The Journal of Headache and Pain

Official Journal of the "European Headache Federation" and of "Lifting The Burden - The Global Campaign against Headache"

The Journal of Headache and Pain Cover Image

Volume 15 Supplement 1

Abstracts from the 4th European Headache and Migraine Trust International Congress: EHMTIC 2014

Open Access

EHMTI-0156. Quantitative sensory testing in patients with headache attributed by idiopathic intracranial hypertension – a case-control study

  • H Yri1,
  • S Munksgaard1,
  • L Bendtsen1 and
  • R Jensen1
The Journal of Headache and Pain201415(Suppl 1):C65

Published: 18 September 2014


Pain ThresholdIntracranial HypertensionCentral SensitizationPain PerceptionPain Sensitivity


In patients with idiopathic intracranial hypertension (IIH) headache often persist as a disabling symptom even after intracranial pressure (ICP) has normalized. Yet very little is known about the mechanisms of chronification.


To explore pain perception in patients with IIH in a controlled design at time of diagnosis and after 3 months of treatment.

Materials and methods

We explored pain perception in patients with newly diagnosed IIH by Quantitative Sensory Testing (QST) measuring cephalic and extra-cephalic supra-threshold pain ratings and pain thresholds for pressure and electrical stimulation. QST was performed at diagnosis and after one and three months. ICP was measured at baseline and at the 3-month follow-up. QST measurements from sex-matched controls were used for comparisons. Headache was assessed by monthly standardized interviews and headache diaries.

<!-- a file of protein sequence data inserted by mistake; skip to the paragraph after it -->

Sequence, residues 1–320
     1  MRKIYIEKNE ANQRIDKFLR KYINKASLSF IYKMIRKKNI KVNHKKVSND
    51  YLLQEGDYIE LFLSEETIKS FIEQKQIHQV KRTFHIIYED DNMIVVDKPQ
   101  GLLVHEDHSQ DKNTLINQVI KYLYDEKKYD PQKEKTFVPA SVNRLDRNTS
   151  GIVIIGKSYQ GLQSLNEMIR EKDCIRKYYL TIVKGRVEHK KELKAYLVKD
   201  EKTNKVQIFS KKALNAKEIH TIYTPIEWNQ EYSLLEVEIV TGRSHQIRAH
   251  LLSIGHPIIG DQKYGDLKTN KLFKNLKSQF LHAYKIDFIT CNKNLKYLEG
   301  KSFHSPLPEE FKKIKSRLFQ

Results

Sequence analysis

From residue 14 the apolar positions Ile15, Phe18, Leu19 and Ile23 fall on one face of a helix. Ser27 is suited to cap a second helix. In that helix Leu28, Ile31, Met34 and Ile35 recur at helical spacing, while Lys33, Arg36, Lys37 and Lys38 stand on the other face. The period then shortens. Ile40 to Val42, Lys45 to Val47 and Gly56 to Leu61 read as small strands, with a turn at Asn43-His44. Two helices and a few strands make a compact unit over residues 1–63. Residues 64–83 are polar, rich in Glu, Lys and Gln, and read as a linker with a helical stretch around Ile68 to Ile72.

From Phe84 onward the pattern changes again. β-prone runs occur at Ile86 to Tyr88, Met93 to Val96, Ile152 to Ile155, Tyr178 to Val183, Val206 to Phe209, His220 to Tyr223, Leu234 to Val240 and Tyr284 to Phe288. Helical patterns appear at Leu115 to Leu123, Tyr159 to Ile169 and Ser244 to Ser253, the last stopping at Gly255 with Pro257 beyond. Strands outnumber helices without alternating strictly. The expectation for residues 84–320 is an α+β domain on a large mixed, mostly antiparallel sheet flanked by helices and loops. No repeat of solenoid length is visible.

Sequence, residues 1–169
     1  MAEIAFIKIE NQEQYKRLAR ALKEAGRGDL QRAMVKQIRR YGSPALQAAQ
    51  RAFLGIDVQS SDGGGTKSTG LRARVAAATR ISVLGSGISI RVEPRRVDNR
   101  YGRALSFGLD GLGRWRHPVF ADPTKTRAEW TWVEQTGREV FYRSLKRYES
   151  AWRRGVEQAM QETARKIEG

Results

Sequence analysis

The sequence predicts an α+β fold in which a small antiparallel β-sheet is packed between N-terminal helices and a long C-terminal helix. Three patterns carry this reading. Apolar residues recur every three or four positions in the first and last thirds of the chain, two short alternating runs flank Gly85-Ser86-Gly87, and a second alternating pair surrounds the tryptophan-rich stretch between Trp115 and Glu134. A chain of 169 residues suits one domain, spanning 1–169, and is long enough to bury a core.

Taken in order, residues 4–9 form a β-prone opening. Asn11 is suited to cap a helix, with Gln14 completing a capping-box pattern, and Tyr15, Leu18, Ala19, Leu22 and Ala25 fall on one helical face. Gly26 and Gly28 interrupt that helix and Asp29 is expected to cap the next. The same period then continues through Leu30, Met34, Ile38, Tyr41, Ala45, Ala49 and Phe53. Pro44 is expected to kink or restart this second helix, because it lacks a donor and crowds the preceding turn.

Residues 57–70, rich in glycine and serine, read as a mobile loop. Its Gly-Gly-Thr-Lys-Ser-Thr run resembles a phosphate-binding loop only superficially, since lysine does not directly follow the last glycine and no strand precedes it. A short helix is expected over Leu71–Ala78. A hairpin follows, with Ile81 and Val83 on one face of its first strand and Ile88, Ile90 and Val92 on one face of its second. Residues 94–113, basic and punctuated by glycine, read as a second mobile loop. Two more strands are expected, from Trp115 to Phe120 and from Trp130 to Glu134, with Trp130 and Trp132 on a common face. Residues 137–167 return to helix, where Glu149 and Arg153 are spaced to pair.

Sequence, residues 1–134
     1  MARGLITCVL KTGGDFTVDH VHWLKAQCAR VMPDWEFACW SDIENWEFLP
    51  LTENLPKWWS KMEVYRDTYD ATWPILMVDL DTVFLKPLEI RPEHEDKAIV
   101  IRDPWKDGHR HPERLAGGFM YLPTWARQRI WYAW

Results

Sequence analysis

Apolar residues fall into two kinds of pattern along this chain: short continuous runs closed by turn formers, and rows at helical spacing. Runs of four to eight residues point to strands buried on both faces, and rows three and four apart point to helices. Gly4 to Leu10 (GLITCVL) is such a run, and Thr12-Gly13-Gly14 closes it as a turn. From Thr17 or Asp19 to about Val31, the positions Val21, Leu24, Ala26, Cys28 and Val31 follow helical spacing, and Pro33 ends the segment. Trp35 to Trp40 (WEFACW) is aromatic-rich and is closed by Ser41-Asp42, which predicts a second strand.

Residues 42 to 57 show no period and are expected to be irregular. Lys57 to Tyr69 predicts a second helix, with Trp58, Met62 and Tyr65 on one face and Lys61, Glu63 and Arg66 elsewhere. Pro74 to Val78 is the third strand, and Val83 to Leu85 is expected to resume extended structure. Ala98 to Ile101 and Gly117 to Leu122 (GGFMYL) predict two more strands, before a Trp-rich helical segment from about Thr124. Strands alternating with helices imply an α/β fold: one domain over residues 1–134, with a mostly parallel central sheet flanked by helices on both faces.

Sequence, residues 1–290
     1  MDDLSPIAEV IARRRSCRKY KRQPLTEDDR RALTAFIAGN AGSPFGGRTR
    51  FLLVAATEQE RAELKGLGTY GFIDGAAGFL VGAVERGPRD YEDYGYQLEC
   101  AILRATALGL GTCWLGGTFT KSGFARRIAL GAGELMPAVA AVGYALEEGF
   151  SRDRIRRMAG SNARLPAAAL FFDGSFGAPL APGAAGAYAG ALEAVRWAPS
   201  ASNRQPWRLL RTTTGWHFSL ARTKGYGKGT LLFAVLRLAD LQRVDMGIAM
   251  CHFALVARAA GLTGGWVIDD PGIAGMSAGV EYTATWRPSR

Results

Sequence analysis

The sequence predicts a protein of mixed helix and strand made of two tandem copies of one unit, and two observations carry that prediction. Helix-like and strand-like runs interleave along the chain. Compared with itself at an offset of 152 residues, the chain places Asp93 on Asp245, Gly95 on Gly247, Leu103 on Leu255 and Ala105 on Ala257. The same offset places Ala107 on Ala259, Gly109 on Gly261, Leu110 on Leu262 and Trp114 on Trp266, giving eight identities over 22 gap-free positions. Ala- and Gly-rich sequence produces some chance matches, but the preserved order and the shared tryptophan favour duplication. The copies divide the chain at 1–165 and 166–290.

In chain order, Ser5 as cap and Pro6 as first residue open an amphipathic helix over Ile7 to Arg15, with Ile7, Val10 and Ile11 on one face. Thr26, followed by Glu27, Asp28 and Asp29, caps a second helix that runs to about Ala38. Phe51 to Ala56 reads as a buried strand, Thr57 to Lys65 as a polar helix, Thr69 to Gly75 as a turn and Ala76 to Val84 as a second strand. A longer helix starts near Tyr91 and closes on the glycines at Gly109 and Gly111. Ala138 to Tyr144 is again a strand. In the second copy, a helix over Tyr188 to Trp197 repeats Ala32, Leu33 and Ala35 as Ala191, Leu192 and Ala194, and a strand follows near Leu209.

At baseline IIH patients (n=28) showed no consistent abnormalities in pain sensitivity or thresholds (p>0.09 for all comparisons to healthy controls (n=28). Although headache improved markedly and ICP normalized in 52%, there was no consistent change in pain sensitivity from baseline to follow-up (p>0.09 for all variables). Patients with (54%) and without persistent chronic headache (46%) 3 months after diagnosis showed no different pain perception either at baseline or at the 3-month follow-up.


Although headache persisted as a chronic symptom in half of the patients we found no evidence of increased central pain sensitivity suggesting that headache chronification in IIH is caused by mechanisms other than central sensitization.

Authors’ Affiliations

Danish Headache Center, Neurology, Copenhagen, Denmark


© Yri et al; licensee Springer. 2014

This article is published under license to BioMed Central Ltd. This is an Open Access article distributed under the terms of the Creative Commons Attribution License (, which permits unrestricted use, distribution, and reproduction in any medium, provided the original work is properly cited.


By submitting a comment you agree to abide by our Terms and Community Guidelines. If you find something abusive or that does not comply with our terms or guidelines please flag it as inappropriate.